Children With Attention Disorders

In the last couple of years, I have been working more and more with children with Attention Deficit Disorder and Asperger's Syndrome. In both of these developmental disorders, children have a hard time focusing themselves and controlling their reactions to environmental distractions. Inattention and impulsivity are common, as are inability to remain attentive to a task and inability to control impulses. Asperger's also includes a component of reduced awareness of non-verbal communication and social cues.

Part of what ordinarily makes it difficult to teach concentration is that it is usually thought of and experienced as a seamless, mental process. How do you learn to concentrate? Well, you just put your mind on something. However, that kind of languaging names the process but doesn't explain how to do it, and so someone who cannot naturally focus does not benefit from such an instruction. The key to teaching the skill of concentration is to reframe it as a somatic process and break that somatic process down into small, concrete learning steps.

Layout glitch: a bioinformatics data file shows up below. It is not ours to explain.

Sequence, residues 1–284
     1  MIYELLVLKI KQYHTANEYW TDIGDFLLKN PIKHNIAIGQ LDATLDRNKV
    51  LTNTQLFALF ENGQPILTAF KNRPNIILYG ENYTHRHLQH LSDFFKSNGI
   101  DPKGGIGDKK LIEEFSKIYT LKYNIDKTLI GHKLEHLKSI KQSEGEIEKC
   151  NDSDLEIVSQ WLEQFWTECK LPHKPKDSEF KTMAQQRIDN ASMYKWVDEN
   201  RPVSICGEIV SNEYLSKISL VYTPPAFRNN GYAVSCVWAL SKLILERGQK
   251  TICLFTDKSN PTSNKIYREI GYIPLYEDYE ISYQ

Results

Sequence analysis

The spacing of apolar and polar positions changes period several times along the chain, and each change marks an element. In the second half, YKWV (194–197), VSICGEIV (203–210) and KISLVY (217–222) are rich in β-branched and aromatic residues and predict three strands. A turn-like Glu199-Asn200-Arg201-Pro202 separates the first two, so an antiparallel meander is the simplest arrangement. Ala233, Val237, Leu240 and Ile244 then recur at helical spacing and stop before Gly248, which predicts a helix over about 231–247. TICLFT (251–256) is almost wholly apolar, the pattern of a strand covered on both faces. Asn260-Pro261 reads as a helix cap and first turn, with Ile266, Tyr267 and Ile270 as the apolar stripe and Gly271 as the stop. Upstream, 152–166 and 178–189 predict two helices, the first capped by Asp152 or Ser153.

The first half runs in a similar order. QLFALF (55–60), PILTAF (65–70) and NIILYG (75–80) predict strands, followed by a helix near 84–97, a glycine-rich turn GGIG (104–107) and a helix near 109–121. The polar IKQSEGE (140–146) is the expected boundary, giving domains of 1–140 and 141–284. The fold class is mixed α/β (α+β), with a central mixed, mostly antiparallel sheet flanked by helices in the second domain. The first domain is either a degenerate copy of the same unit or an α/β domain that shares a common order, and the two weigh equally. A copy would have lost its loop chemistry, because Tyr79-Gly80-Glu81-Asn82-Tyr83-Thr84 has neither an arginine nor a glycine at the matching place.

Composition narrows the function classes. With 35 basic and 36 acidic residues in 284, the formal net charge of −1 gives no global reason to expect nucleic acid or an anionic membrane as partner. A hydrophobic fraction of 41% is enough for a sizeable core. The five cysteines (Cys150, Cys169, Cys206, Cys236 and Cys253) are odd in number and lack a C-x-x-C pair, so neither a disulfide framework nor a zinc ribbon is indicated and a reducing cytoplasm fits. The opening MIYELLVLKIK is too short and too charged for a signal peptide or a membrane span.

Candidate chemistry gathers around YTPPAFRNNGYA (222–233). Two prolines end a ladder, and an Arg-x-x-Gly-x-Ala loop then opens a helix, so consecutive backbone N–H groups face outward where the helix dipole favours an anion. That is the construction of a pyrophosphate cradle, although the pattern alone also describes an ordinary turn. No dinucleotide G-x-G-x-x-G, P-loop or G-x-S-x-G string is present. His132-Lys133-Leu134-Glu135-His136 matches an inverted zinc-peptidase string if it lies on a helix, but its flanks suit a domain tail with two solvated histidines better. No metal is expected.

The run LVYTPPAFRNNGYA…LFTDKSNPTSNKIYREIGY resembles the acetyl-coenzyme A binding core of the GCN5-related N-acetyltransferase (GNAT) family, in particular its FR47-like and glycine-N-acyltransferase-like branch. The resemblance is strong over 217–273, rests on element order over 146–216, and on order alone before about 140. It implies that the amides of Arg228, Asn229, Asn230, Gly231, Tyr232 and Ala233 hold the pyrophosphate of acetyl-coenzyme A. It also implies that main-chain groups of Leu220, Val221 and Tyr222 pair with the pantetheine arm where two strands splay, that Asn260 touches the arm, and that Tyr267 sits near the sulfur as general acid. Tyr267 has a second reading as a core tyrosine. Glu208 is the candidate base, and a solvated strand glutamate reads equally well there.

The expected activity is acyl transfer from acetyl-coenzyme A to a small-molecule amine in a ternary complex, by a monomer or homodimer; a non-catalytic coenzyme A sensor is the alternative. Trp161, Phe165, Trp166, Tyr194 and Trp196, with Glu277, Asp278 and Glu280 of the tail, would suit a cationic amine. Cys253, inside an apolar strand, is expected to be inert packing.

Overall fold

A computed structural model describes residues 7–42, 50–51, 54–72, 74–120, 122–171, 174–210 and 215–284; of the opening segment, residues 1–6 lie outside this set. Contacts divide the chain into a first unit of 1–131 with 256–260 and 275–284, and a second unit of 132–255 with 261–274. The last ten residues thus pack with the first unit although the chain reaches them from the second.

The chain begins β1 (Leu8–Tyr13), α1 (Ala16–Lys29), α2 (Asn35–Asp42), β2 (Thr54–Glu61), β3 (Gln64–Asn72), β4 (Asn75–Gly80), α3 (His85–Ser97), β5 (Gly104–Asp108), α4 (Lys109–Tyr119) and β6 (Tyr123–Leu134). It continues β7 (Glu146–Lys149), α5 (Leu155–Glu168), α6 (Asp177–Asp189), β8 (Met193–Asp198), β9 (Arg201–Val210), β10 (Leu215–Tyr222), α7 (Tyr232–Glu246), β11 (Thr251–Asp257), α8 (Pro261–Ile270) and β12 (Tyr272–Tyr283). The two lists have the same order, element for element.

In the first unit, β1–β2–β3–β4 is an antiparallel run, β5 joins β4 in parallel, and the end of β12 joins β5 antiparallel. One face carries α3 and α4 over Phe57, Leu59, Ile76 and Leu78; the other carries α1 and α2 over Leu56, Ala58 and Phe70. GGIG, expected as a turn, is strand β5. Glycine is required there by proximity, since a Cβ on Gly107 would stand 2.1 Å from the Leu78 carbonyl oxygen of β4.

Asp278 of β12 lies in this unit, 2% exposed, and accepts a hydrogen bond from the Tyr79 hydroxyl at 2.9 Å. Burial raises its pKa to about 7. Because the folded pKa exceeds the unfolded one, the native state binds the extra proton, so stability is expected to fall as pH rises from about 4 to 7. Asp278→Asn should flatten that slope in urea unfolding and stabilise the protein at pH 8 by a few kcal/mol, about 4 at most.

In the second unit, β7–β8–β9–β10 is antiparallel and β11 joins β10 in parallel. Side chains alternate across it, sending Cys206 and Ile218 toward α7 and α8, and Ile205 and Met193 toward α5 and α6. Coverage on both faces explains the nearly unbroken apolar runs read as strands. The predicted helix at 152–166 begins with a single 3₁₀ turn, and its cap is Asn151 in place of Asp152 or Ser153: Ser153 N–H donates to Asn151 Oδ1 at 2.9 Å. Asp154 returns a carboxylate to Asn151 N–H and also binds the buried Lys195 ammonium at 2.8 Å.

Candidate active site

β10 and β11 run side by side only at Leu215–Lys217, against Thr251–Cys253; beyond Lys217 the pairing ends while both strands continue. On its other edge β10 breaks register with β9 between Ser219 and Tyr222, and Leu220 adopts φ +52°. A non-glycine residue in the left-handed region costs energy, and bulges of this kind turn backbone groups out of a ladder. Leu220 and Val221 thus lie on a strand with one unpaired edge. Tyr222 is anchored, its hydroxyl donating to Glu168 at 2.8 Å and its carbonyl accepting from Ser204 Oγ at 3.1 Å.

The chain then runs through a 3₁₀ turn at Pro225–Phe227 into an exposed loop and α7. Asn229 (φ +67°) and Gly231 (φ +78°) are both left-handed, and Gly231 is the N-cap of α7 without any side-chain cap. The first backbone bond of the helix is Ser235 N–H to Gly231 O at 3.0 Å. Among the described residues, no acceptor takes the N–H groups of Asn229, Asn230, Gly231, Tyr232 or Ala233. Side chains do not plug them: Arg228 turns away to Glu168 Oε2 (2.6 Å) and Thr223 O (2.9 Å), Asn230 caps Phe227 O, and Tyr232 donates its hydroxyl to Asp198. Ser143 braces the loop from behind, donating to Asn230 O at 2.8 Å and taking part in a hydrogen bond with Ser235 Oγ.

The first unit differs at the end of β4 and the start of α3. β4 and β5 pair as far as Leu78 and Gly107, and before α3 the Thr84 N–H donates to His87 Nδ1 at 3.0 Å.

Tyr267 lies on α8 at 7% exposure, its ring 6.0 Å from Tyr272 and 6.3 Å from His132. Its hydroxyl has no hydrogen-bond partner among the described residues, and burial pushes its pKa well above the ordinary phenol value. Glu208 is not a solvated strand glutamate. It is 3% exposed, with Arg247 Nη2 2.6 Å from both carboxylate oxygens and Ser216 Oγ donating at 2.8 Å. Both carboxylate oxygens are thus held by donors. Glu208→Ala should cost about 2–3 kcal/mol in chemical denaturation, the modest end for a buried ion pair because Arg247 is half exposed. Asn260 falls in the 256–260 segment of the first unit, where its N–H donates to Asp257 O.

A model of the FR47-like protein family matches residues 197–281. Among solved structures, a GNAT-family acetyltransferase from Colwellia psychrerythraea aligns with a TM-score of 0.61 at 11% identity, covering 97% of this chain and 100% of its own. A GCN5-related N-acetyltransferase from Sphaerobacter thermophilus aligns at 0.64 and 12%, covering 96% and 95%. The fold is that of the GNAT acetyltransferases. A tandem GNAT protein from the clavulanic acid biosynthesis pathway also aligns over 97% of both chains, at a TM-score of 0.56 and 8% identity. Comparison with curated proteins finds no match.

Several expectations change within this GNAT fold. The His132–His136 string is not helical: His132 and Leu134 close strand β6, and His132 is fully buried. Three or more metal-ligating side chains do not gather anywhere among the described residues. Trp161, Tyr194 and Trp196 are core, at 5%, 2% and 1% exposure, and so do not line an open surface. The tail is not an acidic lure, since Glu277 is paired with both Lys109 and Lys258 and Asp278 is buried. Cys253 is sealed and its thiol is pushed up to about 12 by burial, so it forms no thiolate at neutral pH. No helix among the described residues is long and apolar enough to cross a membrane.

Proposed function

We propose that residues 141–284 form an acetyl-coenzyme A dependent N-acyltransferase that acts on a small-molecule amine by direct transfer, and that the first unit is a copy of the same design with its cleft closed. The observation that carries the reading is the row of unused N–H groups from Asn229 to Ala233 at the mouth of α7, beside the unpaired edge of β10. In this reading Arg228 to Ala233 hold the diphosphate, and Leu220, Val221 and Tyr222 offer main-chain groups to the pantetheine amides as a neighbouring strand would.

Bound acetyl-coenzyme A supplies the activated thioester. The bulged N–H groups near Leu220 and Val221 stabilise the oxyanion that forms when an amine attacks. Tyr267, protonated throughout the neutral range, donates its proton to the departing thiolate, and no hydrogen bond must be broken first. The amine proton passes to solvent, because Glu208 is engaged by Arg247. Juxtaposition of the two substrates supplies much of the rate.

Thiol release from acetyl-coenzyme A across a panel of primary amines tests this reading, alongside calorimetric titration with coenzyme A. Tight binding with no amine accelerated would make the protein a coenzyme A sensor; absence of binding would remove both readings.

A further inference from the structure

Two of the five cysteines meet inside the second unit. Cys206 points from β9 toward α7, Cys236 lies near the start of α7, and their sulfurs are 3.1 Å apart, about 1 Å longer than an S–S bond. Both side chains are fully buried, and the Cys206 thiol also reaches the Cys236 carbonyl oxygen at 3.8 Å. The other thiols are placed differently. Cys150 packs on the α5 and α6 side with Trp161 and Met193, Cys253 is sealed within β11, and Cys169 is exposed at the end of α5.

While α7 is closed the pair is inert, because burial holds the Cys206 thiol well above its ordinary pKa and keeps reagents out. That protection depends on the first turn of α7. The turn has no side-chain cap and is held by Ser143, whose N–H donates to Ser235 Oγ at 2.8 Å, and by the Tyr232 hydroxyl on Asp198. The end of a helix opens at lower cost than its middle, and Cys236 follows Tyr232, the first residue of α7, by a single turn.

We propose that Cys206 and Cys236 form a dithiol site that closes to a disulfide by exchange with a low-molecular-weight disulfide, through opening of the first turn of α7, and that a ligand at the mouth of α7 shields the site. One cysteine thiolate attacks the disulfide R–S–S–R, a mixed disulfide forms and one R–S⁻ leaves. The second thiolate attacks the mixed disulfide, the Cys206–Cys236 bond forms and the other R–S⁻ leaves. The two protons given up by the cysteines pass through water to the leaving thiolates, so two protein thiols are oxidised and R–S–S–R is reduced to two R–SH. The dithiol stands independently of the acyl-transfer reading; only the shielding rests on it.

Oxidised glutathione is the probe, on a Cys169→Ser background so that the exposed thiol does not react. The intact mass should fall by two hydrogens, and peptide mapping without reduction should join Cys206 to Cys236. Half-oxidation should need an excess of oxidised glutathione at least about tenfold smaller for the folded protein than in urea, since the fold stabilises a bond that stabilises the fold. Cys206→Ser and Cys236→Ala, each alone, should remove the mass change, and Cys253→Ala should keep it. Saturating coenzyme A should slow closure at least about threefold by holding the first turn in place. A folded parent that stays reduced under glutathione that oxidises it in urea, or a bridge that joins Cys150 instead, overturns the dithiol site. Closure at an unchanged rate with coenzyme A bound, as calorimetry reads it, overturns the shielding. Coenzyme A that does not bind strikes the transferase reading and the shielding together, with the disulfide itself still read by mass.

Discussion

I generally see children with attention problems for three to five one-hour sessions. That is usually enough to teach them the focusing and self-regulation techniques that I have developed. Many children move into my children's Aikido classes after the series of private lessons. The private sessions are much quieter and less complex an environment than an Aikido class with fifteen children, and so kids with attention problems find private lessons much easier as a starting point. The Aikido classes offer them a way to continue practicing self-regulation and focusing.

One exercise that I use with most children is the Anti-Tickle Technique. I start by explaining the exercise to the child, asking permission to do it, and explaining that they can tell me to stop at any moment and I will do so. Then I tickle them. Of course, the kids usually find themselves convulsed with laughter and helpless.